Kids Suing Government for Climate Action Attract Influential Allies and Opponents

Both the fossil fuel lobby and the Catholic Church are paying attention.

Kids Suing for Climate Action Attract Influential Allies

Kelsey Juliana, center, one plaintiff in the federal suit, observes a moment of silence with her father, Tim Ingalsbee, in Times Square at the People’s Climate March in September 2014. (Photo: Sikay Tang/Moyers & Company)

Twenty-one young Americans and climate scientist James Hansen are suing to compel the government to take dramatic action on climate change, and the case has attracted attention both from powerful lobbyists in Washington and environmental activists around the globe.

The kids are backed by Our Children’s Trust, a group that has organized similar suits against state governments around the country. The group believes that activists have to challenge US climate policy in the courts in order to protect what they see as younger generations’ constitutional right to a habitable planet. Similar cases have been successful in Pakistan and the Netherlands. Because the courts are comparatively insulated from the special-interest money that floods congressional and presidential races, they are well-positioned to give a shove to our federal government, which has responded to climate change more slowly than other developed countries. It’s a story we’ve been following since Bill Moyers interviewed one of the plaintiffs, 18-year-old Kelsey Juliana, in 2014.

The last several days saw two big developments in the suit, which has not yet gone to trial. First, on January 13, an Oregon District Court magistrate judge allowed lobbying groups representing some of America’s biggest polluters to join the case — the National Association of Manufacturers, the American Fuel & Petrochemical Manufacturers and the American Petroleum Institute will now be arguing alongside the Obama administration that the young people don’t have a case.

The pairing is an ironic one, given that energy lobbyists and Obama’s regulators are usually at odds when it comes to addressing climate change. All three of the industry groups have been outspoken critics of the administration’s Clean Power Plan, and two of the groups are suing to derail it. But in this case, President Obama, his administration, and the industry are aligned: Should the kids win, a court would order regulators to use climate science to draw up plans that would quickly scale back America’s fossil fuel emissions before the Earth warms past critical tipping points. That’s a directive that both the administration and, of course, the fossil fuel industry don’t want to have to deal with.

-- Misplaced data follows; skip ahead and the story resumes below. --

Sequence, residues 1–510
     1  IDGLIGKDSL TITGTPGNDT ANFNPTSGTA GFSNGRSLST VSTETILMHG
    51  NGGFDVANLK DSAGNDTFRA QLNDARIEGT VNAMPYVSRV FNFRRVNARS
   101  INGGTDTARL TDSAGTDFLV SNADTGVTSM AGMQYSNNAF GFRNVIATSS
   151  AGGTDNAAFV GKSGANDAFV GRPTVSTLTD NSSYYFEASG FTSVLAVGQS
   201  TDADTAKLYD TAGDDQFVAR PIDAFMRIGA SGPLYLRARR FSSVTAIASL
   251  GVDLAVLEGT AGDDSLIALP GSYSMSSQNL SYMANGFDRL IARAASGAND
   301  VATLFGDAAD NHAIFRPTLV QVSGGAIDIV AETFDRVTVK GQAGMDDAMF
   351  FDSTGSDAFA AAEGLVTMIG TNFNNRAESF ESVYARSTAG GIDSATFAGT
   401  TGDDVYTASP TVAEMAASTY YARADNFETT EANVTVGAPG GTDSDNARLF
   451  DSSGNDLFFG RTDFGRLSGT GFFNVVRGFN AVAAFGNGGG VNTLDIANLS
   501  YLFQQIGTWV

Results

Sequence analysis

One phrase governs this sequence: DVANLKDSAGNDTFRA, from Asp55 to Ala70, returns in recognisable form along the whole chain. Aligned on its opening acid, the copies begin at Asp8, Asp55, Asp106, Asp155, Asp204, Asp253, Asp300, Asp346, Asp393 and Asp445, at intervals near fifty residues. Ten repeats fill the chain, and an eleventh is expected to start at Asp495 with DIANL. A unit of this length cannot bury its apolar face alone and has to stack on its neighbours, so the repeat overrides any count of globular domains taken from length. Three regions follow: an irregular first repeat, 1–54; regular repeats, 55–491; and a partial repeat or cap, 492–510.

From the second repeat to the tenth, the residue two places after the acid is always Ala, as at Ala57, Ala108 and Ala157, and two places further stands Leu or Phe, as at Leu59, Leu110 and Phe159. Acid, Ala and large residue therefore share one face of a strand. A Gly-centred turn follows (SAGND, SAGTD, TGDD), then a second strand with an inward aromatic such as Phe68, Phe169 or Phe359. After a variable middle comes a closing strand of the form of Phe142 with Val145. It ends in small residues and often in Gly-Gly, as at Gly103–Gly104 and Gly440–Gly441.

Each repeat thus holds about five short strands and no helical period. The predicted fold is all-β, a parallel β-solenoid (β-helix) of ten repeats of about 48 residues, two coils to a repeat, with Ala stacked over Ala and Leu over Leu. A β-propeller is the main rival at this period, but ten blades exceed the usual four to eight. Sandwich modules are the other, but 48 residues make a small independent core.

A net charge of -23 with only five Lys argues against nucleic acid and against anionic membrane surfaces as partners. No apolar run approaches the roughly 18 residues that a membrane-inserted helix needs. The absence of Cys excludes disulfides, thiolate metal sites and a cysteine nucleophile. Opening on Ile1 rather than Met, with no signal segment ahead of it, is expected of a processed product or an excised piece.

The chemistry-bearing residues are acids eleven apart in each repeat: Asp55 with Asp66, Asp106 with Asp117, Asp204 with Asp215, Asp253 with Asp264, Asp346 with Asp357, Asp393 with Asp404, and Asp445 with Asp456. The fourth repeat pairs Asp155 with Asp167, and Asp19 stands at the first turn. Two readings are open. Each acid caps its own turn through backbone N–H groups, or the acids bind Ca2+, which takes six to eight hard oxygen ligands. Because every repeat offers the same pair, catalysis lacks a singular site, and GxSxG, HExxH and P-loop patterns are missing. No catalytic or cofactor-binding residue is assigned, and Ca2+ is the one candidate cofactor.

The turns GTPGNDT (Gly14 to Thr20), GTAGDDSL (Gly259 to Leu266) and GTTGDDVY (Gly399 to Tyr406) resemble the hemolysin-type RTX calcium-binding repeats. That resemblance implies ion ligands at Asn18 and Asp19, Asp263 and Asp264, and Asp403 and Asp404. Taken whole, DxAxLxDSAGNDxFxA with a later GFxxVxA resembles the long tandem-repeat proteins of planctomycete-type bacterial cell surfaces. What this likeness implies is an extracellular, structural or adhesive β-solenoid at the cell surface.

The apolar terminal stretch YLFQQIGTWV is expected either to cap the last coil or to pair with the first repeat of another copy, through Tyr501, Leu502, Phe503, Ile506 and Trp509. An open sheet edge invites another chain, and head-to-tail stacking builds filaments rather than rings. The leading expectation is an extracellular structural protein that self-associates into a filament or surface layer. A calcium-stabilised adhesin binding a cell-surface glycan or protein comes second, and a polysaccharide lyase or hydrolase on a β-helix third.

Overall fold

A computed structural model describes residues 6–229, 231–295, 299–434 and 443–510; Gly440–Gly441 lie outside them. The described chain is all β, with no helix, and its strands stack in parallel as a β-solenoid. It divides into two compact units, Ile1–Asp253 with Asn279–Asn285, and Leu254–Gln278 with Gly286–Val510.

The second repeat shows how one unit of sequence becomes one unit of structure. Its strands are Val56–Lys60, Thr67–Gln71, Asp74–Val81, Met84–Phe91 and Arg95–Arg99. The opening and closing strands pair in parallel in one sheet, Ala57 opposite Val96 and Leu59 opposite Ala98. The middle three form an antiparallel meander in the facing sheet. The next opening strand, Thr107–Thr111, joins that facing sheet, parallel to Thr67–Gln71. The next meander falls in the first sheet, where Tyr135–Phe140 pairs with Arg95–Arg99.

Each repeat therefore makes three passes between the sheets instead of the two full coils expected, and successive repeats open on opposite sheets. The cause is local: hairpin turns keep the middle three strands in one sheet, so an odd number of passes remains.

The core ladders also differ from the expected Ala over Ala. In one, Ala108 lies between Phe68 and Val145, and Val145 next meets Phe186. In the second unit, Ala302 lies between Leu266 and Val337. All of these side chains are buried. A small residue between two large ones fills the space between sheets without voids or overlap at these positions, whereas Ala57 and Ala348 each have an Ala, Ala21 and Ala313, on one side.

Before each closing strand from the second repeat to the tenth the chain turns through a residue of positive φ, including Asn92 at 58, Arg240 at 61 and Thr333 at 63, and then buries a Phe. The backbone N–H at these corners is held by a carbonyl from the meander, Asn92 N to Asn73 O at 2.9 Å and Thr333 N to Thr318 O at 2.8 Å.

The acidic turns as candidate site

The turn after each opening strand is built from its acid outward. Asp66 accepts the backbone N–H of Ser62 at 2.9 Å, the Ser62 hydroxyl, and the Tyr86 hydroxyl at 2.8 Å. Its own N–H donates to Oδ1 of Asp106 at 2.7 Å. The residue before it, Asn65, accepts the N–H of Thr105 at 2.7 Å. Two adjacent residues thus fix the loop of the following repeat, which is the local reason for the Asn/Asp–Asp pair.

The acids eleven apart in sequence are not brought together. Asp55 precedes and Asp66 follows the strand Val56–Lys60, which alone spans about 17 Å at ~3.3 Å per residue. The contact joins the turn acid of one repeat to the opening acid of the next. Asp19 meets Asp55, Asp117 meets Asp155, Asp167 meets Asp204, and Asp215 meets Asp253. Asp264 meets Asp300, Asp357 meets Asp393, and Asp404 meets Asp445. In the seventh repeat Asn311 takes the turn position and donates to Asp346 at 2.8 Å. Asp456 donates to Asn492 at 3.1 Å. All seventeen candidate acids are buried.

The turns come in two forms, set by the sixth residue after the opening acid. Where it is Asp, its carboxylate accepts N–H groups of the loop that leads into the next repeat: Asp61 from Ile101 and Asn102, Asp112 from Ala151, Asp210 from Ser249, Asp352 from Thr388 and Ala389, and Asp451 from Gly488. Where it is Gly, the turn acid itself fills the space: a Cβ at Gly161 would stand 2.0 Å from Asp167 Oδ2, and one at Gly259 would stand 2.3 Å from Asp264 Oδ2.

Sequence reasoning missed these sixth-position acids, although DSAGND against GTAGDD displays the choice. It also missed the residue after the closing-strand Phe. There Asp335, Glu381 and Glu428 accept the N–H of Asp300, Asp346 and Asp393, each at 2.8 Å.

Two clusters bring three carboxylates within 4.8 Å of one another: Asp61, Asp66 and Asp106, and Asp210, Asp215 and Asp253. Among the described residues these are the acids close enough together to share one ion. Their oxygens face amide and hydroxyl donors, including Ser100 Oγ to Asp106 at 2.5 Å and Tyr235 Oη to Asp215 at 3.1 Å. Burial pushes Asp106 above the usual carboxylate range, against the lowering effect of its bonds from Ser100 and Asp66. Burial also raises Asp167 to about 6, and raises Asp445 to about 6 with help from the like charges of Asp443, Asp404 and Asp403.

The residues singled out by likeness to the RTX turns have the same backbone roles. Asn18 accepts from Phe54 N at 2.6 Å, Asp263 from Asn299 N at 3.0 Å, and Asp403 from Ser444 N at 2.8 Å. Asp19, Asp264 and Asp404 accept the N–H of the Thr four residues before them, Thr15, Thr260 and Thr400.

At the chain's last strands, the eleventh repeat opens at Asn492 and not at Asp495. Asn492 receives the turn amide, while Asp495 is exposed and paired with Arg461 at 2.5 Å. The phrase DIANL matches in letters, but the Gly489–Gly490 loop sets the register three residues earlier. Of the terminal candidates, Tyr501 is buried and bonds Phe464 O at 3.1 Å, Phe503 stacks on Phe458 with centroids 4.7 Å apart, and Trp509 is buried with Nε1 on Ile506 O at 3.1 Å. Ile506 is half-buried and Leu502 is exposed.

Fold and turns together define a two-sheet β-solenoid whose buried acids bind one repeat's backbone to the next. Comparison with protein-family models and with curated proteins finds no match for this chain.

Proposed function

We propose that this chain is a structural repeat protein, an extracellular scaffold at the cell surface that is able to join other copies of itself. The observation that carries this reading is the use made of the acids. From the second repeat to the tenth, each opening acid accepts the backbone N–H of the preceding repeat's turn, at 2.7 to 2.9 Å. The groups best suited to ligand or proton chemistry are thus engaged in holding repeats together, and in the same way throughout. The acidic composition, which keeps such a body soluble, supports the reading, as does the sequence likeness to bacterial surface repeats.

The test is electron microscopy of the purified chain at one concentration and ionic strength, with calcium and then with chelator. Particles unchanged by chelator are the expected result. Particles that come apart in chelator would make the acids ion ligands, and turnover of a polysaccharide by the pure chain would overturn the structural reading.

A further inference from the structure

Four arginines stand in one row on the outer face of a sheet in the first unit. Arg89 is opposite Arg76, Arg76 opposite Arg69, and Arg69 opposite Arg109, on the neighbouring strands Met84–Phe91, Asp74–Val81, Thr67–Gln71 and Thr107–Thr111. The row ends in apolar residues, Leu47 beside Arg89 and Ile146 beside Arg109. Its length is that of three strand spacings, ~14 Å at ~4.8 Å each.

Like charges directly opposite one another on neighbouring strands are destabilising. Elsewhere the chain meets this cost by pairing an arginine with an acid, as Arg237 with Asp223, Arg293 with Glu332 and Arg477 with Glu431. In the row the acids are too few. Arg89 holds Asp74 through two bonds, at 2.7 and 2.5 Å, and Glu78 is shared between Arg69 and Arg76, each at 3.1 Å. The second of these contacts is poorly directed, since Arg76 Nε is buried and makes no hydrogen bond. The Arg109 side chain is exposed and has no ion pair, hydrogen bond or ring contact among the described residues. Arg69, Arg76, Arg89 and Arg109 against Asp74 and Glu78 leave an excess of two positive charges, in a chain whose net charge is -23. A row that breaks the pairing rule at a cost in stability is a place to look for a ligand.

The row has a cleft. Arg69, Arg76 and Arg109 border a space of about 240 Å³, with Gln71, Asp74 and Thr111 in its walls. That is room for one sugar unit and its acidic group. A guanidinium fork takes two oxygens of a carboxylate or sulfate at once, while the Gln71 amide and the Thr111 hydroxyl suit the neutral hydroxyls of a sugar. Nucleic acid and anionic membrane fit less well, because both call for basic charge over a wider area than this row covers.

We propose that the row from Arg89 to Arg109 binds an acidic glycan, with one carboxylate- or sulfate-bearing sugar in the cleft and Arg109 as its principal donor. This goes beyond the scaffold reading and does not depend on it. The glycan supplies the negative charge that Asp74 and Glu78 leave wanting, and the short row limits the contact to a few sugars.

Lawyers for the young people have cast the lobbying groups’ intervention as a sign the polluters are on the defensive. “We believe Judge Coffin was wise to allow the fossil fuel industry into our constitutional case,” Philip Gregory, an attorney for Children’s Trust said in a prepared statement last week:

The fossil fuel industry would not want to be in court unless it understood the significance of our case. This litigation is a momentous threat to fossil fuel companies. They are determined to join the federal government to defeat the constitutional claims asserted by these youth plaintiffs. The fossil fuel industry and the federal government lining up against 21 young citizens. That shows you what is at stake here.

COVENTRY, ENGLAND - MARCH 19: NASA scientist and climatologist James Hansen takes part in a mock funeral parade during a Climate Change Campaign Action Day on March 19, 2009 in Coventry, England. Christian Aid, CAFOD and others took to the streets of Coventry with a mock New Orleans style funeral to highlight that action is needed to combat climate change. The group will later picket the headquarters of power supplier EON. (Photo by Christopher Furlong/Getty Images)

Climatologist James Hansen takes part in a mock funeral parade during a Climate Change Campaign Action Day on March 19, 2009 in Coventry, England. Hansen is one of the plaintiffs in the suit to require the federal government to take action on climate change. (Photo by Christopher Furlong/Getty Images)

Independent lawyers agreed: “I think it shows that [the trade groups] are not utterly certain it will be dismissed,” Michael B. Gerrard, the director of the Sabin Center for Climate Change Law at Columbia, who is not affiliated with the case, told us back in November.

Not long after the judge allowed the fossil fuel interests to join the case alongside the government, the young people got some important allies. Two major Catholic groups, one of which includes Pope Francis, announced their support for the youth by filing an amicus brief with the court. In the brief, lawyers for Global Catholic Climate Movement and the Leadership Council of Women Religious argue that “government’s failure to address impending catastrophic harm violates the basic constitutional public trust duty… to protect resources crucial for future human survival and welfare… In the papal encyclical, Laudato Si’, Pope Francis issued a clarion call for ‘the establishment of a legal framework which can set clear boundaries and ensure the protection of ecosystems.'”

Unlike the industry groups, the Catholic groups will not actually participate in the trial. But their support shows that the case has attracted international attention.

The next development will come when a district court judge rules on whether or not the government and fossil fuel industry lobbyists are correct that the case should be thrown out.

Stay tuned: We will continue to report on this story.

John Light


John Light is a reporter and producer for the Moyers team. His work has appeared at The Atlantic, Grist, Mother Jones, Salon, Slate, Vox and Al Jazeera, and has been broadcast on Public Radio International. He's a graduate of Columbia Graduate School of Journalism. You can follow him on Twitter at @LightTweeting.